Bearing Witness

The Dark Corners

Since returning from the Middle East I have set up The Dark Corners [TDC], a fundraising organisation to support small NGO’s around the world that have no existing support networks in Australia and are working with marginalised young people – giving them services, opportunities, skills and most importantly hope for the future. TDC will rase funds by putting on events “Music for the Dark Corners” and “Dinners for the Dark Corners”. Each event will promote awareness of the circumstances and issues facing the young people that the NGO works with, while also rasing funds to help with their valuable work.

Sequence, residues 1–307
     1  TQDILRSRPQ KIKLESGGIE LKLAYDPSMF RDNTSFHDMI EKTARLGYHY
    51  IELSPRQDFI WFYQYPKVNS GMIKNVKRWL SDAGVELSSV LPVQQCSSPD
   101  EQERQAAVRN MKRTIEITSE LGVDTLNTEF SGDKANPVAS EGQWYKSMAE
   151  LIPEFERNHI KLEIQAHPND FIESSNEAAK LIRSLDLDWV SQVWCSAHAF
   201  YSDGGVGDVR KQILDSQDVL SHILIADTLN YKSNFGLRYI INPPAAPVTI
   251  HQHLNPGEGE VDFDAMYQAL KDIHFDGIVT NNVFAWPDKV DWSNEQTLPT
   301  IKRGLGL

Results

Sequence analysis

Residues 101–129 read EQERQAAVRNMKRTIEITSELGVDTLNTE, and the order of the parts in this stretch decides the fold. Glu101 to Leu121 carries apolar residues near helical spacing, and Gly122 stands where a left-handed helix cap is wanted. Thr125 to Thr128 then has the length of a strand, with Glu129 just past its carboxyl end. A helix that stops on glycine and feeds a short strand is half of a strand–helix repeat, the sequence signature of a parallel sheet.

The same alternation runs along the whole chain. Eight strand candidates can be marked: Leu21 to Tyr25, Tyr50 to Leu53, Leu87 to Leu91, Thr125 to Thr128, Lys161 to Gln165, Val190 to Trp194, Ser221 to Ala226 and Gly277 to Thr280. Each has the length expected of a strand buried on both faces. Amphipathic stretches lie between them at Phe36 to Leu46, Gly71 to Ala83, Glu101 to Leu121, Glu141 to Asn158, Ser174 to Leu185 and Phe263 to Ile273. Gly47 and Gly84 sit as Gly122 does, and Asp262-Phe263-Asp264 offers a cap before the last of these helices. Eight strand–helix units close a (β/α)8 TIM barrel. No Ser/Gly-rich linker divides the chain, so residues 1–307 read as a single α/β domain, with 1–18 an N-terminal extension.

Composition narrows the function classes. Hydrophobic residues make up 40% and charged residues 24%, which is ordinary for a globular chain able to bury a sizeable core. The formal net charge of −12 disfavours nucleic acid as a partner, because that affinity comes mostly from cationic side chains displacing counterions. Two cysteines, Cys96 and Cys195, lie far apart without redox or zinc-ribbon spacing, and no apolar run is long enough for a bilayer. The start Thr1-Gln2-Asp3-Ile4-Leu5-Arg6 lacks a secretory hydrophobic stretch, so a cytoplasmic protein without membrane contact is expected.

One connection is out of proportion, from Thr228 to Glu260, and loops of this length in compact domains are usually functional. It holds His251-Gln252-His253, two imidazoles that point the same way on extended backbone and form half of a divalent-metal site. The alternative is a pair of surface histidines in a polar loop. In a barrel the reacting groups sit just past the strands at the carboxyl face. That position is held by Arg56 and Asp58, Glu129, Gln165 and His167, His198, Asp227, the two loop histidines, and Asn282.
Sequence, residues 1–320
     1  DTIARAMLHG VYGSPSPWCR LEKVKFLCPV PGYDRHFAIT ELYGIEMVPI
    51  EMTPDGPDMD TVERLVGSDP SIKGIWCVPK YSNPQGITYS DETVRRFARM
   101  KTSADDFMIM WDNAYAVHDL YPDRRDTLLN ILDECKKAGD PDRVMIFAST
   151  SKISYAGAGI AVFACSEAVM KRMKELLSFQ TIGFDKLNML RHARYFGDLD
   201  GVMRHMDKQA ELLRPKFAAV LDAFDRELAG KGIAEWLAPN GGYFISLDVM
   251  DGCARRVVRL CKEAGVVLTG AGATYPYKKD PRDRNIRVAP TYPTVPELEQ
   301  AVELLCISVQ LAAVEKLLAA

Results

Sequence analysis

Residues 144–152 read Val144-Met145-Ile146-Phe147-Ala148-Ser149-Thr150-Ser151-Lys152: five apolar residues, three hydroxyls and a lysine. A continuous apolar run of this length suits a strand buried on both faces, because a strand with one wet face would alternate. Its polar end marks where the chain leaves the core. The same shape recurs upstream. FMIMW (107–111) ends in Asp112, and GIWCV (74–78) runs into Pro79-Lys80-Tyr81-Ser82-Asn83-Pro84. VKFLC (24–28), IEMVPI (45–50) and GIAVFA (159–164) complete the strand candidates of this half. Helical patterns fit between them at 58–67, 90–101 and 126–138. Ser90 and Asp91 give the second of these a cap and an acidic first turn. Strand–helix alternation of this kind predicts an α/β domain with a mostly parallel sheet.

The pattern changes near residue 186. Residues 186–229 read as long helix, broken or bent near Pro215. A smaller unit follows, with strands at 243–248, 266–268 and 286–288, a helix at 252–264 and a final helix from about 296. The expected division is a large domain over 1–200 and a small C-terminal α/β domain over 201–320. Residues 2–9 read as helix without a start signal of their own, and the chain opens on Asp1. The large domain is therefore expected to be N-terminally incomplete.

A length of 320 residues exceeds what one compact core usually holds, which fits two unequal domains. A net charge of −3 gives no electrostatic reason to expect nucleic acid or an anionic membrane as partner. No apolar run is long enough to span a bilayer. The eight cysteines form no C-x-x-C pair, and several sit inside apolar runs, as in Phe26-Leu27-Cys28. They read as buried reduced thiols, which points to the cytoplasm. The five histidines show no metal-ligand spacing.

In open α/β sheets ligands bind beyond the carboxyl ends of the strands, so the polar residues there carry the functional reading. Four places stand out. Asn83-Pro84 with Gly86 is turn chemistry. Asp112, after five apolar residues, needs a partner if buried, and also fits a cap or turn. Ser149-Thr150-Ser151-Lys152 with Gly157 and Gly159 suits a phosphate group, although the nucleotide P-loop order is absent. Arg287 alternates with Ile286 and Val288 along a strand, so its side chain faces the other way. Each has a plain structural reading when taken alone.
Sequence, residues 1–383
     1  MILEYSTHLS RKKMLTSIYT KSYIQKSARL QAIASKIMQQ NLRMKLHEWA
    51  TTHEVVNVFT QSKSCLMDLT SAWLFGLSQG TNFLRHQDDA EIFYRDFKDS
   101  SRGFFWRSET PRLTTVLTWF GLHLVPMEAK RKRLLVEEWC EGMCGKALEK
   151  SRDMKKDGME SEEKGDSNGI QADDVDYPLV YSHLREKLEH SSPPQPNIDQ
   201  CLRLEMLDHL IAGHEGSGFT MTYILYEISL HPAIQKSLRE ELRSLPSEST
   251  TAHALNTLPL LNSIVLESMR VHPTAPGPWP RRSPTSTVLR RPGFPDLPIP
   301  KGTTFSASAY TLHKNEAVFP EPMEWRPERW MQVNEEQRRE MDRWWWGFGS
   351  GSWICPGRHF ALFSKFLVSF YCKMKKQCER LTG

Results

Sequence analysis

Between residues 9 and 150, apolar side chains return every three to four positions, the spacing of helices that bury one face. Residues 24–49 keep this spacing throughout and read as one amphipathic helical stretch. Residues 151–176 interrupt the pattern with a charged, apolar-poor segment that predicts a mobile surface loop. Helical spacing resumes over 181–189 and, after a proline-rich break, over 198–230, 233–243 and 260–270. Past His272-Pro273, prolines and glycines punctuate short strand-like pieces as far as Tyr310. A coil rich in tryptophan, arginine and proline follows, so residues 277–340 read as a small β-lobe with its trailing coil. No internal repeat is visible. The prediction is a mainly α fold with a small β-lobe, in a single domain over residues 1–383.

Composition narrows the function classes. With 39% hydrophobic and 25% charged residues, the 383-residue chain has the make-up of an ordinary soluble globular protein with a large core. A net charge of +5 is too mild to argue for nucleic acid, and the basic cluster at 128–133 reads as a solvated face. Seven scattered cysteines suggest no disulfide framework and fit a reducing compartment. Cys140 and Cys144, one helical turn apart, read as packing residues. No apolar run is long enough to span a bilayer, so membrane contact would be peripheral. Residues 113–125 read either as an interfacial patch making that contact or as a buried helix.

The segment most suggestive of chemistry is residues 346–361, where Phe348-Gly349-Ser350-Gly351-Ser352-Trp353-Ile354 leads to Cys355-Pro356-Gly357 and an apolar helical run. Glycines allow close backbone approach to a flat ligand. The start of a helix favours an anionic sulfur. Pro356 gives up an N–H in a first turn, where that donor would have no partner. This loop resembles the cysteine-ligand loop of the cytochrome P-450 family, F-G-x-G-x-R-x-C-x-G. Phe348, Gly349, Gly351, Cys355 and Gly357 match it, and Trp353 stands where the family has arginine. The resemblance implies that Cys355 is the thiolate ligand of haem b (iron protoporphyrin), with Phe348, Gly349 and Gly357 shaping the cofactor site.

It has been a longer process than I expected, setting up TDC, however it would have taken even longer with out the help of Anne Cregan from Blake Dawson. Anne has helped me navigate each step of the way and supported me through an incredibly step learning curve. I would like to take this opportunity to thank Anne and every one at Blake Dawson for their advice and support.

For more information on TDC and to stay informed about up coming events join “The Dark Corners” Facebook group @ http://www.facebook.com/home.php#/group.php?gid=113511167451

In recent news the US has back flipped on its demand that Israel stop all expansion of its settlements in occupied West Bank before peace talks could resume. This is disappointing news as Barack Obama promised a change, not more of the same. As Akiva Eldar wrote in Haaretz, ”U.S. presidents seem to treat the settlements just like the weather: an interesting topic for conversation, but impossible to change”.